Before 1800: Mound Builders & Explorers
Two thousand years ago, the Walking Tall Trail was inhabited by Native Americans of the Woodland and Mississippian periods, known as the “mound builders” for the large, earthen structures they built for their homes and ceremonial sites. The highest mound of this period in the United States is located at Pinson Mounds near Jackson, indicating that this area held a special importance in the culture. Later came the Chocktaw and Chickasaw tribes, who were here when Spanish explorer Hernando DeSoto arrived on the banks of the Mississippi River near modern-day Memphis in the mid-1500s. The French arrived in the late 1600s, building forts along the Mississippi River to secure the fur trade. Continued conflict with the Chickasaws inspired the French to construct heavily fortified Fort Assumption near present-day Memphis. Over the next century, the area would be claimed by the Spanish, the French, the original Native American tribes and the American government. In 1783, the state of North Carolina opened its loosely claimed “Western Territory,” for settlement, honoring land grants given to Revolutionary War veterans as payment for military service. At the time, this was mostly Chickasaw territory, and the early settlers came to their own agreements with the tribe as they claimed their land. Tennessee achieved official statehood in 1796.
1800: Growing West Tennessee
In 1818, the American government officially “purchased” the land of the Western Territory from the Chickasaw for $300,000 in a sale and treaty negotiated by soonto- be President Andrew Jackson and Revolutionary War Colonel Isaac Shelby. Settlers rushed to the area from Middle Tennessee, Virginia, South Carolina, North Carolina and Kentucky, eager to stake their claims. It didn’t take long for towns and communities to form; in fact, lots went on sale for the city of Memphis just two years after the Jackson Purchase was completed. Towns like Somerville and La Grange began to grow around plantations and smallerscale farms, both profitable and dependent on slave labor. The Wolf, Hatchie, and Tennessee Rivers were essential to the towns’ development. Plantation owners depended on the waterways to ship their goods and receive materials, and grain mills operated on the creeks that fed the rivers. “Railroad fever” fell over the Memphis area in the mid-1800s, as eager private investors led the charge to connect West Tennessee’s towns with cities outside the region. Many of the first lines followed the trade routes of the Chickasaw — their well worn paths followed the natural landscape and established safe and strategic routes for year-round travel. One of the first and most crucial lines of the time was the Memphis- Charleston Railroad, whose activity played a major role in further developing the small towns along the Walking Tall Trail. The railroad brought opportunity to these rural areas, as their natural resources became more accessible and businesses sprouted up, capitalizing on the railroad activity.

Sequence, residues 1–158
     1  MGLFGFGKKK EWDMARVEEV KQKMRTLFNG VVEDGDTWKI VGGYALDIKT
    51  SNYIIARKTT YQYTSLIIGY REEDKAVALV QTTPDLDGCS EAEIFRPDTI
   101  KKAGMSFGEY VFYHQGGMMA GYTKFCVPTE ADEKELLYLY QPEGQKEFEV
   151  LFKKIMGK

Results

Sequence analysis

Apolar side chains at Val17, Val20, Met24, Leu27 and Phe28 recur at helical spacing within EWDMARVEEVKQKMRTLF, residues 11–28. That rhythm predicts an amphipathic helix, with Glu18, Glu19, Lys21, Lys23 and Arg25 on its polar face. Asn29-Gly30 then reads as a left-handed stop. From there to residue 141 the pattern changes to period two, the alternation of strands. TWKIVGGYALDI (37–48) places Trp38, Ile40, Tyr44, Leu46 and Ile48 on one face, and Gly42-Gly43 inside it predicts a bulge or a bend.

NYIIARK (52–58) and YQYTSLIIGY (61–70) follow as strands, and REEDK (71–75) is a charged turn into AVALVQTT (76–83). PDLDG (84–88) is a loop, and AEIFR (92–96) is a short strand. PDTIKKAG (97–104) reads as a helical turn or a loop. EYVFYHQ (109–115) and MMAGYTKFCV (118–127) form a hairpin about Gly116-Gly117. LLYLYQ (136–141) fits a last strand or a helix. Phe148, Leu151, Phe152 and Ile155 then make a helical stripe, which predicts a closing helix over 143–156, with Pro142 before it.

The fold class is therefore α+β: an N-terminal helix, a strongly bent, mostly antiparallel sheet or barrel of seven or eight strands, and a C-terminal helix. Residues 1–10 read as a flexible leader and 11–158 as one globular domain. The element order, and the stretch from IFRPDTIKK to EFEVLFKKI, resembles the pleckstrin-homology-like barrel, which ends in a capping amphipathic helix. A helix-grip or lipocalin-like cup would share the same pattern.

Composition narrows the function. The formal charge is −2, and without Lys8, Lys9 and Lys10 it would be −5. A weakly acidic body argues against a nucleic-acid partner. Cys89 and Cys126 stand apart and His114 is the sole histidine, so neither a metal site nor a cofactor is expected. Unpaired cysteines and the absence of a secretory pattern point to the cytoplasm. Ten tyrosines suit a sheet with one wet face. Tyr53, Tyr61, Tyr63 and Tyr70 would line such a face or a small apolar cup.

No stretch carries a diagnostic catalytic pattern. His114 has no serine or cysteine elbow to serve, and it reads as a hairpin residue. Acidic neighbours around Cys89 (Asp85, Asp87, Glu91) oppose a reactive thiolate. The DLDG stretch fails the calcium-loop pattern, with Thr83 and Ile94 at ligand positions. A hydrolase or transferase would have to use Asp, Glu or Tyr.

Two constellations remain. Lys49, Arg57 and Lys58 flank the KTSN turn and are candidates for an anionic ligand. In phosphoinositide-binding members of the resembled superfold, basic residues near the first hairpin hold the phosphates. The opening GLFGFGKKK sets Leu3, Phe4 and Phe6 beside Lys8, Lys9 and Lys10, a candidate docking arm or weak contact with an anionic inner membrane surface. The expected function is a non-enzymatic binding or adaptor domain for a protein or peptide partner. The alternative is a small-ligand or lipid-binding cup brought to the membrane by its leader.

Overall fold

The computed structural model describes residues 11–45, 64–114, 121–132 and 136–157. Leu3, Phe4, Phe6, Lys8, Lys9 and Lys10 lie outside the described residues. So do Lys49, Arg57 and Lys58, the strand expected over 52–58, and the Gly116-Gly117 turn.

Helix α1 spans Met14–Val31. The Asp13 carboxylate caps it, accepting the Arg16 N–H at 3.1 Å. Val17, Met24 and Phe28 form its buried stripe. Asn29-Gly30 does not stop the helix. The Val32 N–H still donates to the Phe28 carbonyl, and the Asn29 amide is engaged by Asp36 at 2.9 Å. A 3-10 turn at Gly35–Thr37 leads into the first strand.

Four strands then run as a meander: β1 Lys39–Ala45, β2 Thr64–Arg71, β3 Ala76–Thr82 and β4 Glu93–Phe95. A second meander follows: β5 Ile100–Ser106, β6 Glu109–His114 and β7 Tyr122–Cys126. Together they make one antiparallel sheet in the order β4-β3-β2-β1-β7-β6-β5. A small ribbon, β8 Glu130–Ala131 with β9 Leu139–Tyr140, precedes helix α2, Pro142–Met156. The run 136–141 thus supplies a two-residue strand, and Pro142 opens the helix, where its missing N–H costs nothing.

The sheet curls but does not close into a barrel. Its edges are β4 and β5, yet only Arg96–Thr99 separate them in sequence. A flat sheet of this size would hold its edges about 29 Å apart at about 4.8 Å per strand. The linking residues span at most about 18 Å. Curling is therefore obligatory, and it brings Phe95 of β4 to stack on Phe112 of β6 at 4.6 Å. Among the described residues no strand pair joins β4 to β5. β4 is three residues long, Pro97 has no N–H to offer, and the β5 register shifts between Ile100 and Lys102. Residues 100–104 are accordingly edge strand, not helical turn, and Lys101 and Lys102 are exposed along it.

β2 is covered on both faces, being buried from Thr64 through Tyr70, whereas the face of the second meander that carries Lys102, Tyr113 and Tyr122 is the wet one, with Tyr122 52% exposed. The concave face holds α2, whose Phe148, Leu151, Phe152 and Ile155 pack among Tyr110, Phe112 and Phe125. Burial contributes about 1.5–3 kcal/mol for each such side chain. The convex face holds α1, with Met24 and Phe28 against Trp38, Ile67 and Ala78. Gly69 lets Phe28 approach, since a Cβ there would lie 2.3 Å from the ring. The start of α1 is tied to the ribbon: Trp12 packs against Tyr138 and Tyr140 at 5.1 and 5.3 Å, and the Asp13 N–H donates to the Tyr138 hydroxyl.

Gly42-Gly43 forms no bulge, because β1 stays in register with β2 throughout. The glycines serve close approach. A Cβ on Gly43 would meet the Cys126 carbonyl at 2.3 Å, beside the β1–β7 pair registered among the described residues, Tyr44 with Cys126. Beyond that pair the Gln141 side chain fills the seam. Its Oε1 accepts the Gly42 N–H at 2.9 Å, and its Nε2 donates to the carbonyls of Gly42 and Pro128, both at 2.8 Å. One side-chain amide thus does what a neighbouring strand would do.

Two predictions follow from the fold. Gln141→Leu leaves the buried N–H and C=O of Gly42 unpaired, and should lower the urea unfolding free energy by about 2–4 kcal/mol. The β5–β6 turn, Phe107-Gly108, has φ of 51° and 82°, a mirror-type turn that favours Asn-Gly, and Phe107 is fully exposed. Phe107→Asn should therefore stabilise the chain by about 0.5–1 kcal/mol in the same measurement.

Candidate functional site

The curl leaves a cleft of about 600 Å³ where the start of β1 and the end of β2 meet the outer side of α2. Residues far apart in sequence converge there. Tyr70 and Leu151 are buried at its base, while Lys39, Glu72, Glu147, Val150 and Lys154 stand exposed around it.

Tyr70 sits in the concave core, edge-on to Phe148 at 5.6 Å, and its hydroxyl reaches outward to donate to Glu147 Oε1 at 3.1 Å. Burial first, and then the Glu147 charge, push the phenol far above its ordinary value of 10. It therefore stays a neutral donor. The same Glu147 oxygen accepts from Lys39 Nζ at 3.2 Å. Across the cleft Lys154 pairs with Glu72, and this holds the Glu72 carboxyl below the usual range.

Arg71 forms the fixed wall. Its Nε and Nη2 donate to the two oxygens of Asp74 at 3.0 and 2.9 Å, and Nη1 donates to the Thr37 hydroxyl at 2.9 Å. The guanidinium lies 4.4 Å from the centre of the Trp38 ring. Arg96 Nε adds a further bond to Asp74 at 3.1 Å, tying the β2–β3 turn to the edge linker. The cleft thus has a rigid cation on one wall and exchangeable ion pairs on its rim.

1800s-1960: The Grays & The Blues
As tensions mounted around the Southern states’ secession from the Union, Tennessee was the last to secede in 1861. The state’s sympathies were divided, but most of West Tennessee sided with the Confederates due to the farm owners’ dependence on slave labor; active pockets of Union activity thrived closer to the Tennessee River. One of the most famous Union strongholds was known as the Hurst Nation, an area near Bethel Springs that not only sympathized with the Union cause, but produced a renegade band of Union scouts that terrorized the area, even burning the city of Jackson. The towns on the Walking Tall Trail were often occupied by Union soldiers, stationed there to secure access to the vital railroad supply lines that linked the North and South. The presence of the railroad and the opposing forces invited ongoing conflict, leading to frequent skirmishes. When the fighting stopped, it was up to the towns’ women to care for the wounded and bury the dead, often converting private homes, churches, and schools into hospitals. The Battle of Shiloh, the most wellknown conflict on the trail and one of the Civil War’s bloodiest, took place in 1862 near Savannah. The Union Army was camped at Pittsburgh Landing on their way to Corinth, Mississippi, where they anticipated confrontation with Confederate forces. In a surprise attack, Confederates moved north to meet the Union troops as they paused on their trek. The two-day battle raged along the banks of the Tennessee River in the rainy cold, and by its end, 24,000 Americans were dead, wounded, or missing.